Other steps depend on your brokerage but generally require you to:

  1. Narrow down the asset you want to trade. Its option chain allows you to see the options available.
  2. Select an expiration date. This date determines the option prices you see.
  3. Determine if you’re the buyer or seller. The buyer has the right — but not the obligation — to exercise the contract, while the seller has the obligation to deliver if it’s exercised.
  4. Decide between calls and puts.
    • A call option gives the buyer the choice to purchase shares of the asset from a seller at a specific price — called the strike price — up to the contract’s expiration, with the hope the price will rise.
    • A put option gives the buyer the choice to sell shares of the asset to a seller at a set price before the expiration, with the hope the price will fall.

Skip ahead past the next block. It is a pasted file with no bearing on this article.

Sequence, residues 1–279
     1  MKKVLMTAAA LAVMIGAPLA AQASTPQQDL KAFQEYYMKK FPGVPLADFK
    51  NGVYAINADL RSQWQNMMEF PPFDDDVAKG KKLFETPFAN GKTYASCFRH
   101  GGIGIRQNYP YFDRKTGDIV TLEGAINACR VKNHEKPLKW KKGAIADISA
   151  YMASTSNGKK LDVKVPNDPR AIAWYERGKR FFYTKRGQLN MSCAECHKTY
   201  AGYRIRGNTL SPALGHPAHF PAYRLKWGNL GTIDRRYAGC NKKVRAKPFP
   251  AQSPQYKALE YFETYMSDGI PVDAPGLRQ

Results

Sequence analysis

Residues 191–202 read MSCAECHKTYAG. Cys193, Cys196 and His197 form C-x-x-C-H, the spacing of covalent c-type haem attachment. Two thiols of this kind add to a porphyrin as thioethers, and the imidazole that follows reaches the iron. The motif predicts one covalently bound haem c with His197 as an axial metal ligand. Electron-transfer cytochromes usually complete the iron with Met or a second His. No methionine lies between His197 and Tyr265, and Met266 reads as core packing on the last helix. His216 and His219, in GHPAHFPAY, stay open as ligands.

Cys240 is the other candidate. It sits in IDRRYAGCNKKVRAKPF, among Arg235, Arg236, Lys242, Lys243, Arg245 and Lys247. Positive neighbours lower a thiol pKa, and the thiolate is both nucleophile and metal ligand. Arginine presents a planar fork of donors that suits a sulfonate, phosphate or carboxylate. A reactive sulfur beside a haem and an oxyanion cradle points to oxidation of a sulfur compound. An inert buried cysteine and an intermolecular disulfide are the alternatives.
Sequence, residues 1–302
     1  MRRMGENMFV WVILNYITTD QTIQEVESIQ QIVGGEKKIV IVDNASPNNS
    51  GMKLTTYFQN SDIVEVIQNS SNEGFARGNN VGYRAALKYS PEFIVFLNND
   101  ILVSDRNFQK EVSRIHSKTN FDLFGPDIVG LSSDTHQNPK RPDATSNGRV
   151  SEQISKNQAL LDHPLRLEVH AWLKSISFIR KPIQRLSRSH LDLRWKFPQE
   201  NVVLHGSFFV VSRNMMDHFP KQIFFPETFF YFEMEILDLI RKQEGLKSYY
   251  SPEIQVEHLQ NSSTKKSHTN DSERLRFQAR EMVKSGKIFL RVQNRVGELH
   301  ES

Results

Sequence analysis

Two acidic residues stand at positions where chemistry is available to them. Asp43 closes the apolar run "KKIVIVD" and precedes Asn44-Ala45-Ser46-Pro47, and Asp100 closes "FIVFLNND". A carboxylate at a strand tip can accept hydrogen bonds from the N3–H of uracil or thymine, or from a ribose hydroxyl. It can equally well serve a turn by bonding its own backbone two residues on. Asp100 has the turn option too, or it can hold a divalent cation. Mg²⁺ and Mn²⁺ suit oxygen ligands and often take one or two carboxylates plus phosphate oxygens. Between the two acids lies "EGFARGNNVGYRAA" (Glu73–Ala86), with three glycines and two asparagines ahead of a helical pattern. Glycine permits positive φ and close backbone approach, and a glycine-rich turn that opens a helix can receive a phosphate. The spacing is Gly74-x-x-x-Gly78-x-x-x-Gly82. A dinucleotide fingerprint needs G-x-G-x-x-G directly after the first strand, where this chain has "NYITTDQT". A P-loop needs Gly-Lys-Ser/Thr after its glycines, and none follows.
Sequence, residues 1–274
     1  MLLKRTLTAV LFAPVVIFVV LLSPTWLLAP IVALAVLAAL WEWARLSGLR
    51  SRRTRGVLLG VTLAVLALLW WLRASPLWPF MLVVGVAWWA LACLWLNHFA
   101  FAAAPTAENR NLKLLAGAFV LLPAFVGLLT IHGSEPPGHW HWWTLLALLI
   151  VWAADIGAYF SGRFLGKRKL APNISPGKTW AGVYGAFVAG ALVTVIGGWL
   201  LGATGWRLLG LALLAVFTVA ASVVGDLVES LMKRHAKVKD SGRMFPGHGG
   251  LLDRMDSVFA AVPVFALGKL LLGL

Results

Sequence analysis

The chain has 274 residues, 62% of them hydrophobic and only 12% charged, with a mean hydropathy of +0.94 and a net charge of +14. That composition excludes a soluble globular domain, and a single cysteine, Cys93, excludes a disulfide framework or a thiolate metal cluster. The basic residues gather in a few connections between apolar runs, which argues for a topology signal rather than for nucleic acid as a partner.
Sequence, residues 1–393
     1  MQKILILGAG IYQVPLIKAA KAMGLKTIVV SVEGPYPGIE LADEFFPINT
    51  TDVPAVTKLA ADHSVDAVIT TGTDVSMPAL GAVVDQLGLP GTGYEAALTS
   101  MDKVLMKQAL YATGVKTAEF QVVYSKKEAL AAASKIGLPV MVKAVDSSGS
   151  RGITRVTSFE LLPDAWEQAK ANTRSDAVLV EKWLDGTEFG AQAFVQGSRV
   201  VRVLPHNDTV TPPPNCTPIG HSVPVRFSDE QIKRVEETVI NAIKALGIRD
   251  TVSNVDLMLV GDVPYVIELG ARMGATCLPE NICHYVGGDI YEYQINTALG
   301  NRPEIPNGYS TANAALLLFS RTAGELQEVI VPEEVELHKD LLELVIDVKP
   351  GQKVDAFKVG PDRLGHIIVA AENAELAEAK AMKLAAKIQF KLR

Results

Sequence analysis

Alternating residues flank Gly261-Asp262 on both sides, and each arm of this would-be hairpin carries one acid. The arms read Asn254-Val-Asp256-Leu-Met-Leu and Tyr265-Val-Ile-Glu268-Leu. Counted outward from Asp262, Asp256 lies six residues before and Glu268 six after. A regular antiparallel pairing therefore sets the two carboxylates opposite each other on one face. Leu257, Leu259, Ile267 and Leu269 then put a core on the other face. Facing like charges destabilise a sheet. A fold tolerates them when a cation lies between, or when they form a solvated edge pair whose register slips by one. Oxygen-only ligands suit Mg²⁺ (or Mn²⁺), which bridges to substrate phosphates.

5. Enter your order. Options are typically limit orders, rather than market orders, which means you enter the maximum you want to pay to buy the contract or the minimum you’ll sell it for. Your order is executed if somebody on the other side of the trade agrees to your contract’s terms.
  6. Check up on your contract. If your order isn’t exercised, you may be able to update or cancel it without a fee.

How much are option contracts worth?

Each option contract entitles the option buyer or seller to an exact 100 shares of the underlying stock. How much an options contract is worth depends on the price of that underlying stock.

Four popular types of options contracts are:

Buy 1 call option

You pay a premium to purchase the right to buy 100 shares at the price listed on the option on the contract’s expiration date. If the price ends up below the list price, the option expires and is worthless.

Buy 1 put option

You pay a premium to purchase the right to sell 100 shares at the price listed on the option on the expiration date. If the price ends up above the listed price, the option expires and is worthless.

Sell 1 call option

You receive the premium up front by agreeing to sell 100 shares at the price listed on the option if the actual price of the underlying asset is higher than the price listed on the contract’s expiration day. If the price ends up lower than the listed price, you keep your shares and the premium.

Sell 1 put option